schedules or who develop late postprandial hypoglycemia on sulfonylureas.
cSee Table 1 for additional potential adverse effects and risks, under “Disadvantages.”
dUsually a basal insulin (NPH, glargine, detemir) in combination with noninsulin agents.
eCertain noninsulin agents may be continued with insulin (see text). Refer to Fig. 3 for details on
regimens. Consider beginning at this stage if patient presents with severe hyperglycemia (≧16.7–19.4
mmol/L [≧300–350 mg/dL]; HbA1c ≧10.0–12.0%) with or without catabolic features (weight loss, ketosis,
Figure 3 Sequential insulin strategies in type 2 diabetes.
Basal insulin alone is usually the optimal initial regimen, beginning at 0.1–0.2
units/kg body weight, depending on the degree of hyperglycemia. It is usually
prescribed in conjunction with one to two noninsulin agents. In patients willing to
take more than one injection and who have higher HbA1c levels (≧9.0%), twice
daily premixed insulin or a more advanced basal plus mealtime insulin regimen
could also be considered (curved dashed arrow lines). When basal insulin has
been titrated to an acceptable fasting glucose but HbA1c remains above target,
consider proceeding to basal plus mealtime insulin, consisting of one to three
injections of rapid-acting analogs (see text for details). A less studied alternative
progression from basal insulin to a twice-daily premixed insulin could be also
considered (straight dashed arrow line); if this is unsuccessful, move to basal
plus mealtime insulin. The figure describes the number of injections required at
each stage, together with the relative complexity and flexibility. Once a strategy is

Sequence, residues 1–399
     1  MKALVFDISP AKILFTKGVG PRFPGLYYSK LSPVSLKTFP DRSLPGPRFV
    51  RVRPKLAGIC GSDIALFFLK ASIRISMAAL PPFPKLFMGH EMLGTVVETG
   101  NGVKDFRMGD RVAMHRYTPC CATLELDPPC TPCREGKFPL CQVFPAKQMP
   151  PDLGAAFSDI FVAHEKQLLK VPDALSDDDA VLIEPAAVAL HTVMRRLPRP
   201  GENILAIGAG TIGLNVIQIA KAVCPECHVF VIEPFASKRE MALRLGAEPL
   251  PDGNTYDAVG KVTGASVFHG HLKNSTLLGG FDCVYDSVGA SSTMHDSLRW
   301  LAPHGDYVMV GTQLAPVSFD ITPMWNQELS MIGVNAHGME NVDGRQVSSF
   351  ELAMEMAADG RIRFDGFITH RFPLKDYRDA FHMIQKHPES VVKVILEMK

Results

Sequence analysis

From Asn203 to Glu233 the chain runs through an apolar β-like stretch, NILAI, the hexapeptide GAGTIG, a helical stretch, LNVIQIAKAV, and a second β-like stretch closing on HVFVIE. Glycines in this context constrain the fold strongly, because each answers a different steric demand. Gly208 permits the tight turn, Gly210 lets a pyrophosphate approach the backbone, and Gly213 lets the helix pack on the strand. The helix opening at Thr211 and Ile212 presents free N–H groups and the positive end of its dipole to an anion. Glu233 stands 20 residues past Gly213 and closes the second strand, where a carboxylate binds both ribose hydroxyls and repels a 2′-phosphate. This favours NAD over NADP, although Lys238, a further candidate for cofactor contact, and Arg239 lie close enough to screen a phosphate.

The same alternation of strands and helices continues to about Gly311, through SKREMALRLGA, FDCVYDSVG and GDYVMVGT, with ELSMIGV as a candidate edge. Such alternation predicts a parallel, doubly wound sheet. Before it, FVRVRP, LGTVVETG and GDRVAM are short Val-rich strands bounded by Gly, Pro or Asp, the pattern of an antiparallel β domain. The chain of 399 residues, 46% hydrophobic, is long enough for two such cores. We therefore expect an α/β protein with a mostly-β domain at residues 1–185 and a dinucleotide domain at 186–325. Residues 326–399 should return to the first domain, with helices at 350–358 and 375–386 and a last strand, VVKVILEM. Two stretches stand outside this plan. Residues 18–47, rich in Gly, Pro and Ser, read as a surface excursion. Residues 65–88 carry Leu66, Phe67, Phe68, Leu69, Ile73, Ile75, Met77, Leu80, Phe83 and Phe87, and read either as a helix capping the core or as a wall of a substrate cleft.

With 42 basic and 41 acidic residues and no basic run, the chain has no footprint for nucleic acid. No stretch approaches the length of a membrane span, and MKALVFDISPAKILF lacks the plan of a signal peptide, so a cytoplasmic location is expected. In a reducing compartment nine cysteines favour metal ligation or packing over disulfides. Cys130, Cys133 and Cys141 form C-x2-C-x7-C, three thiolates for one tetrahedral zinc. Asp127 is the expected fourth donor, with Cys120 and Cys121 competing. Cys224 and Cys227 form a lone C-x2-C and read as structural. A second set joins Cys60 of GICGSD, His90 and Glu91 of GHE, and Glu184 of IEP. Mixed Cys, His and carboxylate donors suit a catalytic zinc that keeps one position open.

initiated, titration of the insulin dose is important, with dose adjustments made
based on the prevailing glucose levels as reported by the patient. Noninsulin
agents may be continued, although insulin secretagogues (sulfonylureas,
meglitinides) are typically stopped once more complex regimens beyond basal
insulin are utilized. Comprehensive education regarding self-monitoring of blood
glucose, diet, exercise, and the avoidance of, and response to, hypoglycemia are
critical in any patient on insulin therapy. Mod., moderate.
The key messages from dozens of comparative
insulin trials in type 2 diabetes include the following:
1. Any insulin will lower glucose and HbA1c.
2. All insulins are associated with some weight gain
and some risk of hypoglycemia.
3. The larger the doses and the more aggressive the
titration, the lower the HbA1c, but often with a
greater likelihood of adverse effects.
4. Generally, long-acting insulin analogs reduce the
incidence of overnight hypoglycemia, and rapidacting insulin analogs reduce postprandial
glucose excursions as compared with
corresponding human insulins (NPH, Regular), but
they generally do not result in clinically
significantly lower HbA1c.
If lower targets cannot be achieved with simple interventions, an HbA1c of ,7.5–8.0% may be acceptable,
transitioning upward as age increases and capacity for self-care, cognitive, psychological and economic status,
and support systems decline. healthier patients with long life expectancy accrue risk for vascular complications
over time. Therefore, lower glycemic targets (e.g., an HbA1c ,6.5–7.0%) and tighter control of body weight, blood
pressure, and circulating lipids should be achieved
While common practice has favored metformin in heavier patients, because of weight loss/weight neutrality, this
drug is as efficacious in lean individuals. TZDs, on the other hand, appear to be more effective in those with
higher BMIs, although their associated weight gain makes them, paradoxically, a less attractive option here. GLP1 receptor agonists are associated with weight reduction, which in some patients may be substantial.
Bariatric surgery is an increasingly popular option in severe obesity.